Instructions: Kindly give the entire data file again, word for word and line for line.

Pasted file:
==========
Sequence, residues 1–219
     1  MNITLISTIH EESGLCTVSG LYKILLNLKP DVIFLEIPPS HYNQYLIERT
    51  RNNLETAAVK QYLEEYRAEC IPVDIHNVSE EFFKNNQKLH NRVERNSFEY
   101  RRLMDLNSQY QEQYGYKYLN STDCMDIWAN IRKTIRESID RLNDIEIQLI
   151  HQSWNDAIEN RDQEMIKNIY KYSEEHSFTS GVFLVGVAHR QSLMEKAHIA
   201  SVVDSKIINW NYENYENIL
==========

Sequence, residues 1–219
     1  MNITLISTIH EESGLCTVSG LYKILLNLKP DVIFLEIPPS HYNQYLIERT
    51  RNNLETAAVK QYLEEYRAEC IPVDIHNVSE EFFKNNQKLH NRVERNSFEY
   101  RRLMDLNSQY QEQYGYKYLN STDCMDIWAN IRKTIRESID RLNDIEIQLI
   151  HQSWNDAIEN RDQEMIKNIY KYSEEHSFTS GVFLVGVAHR QSLMEKAHIA
   201  SVVDSKIINW NYENYENIL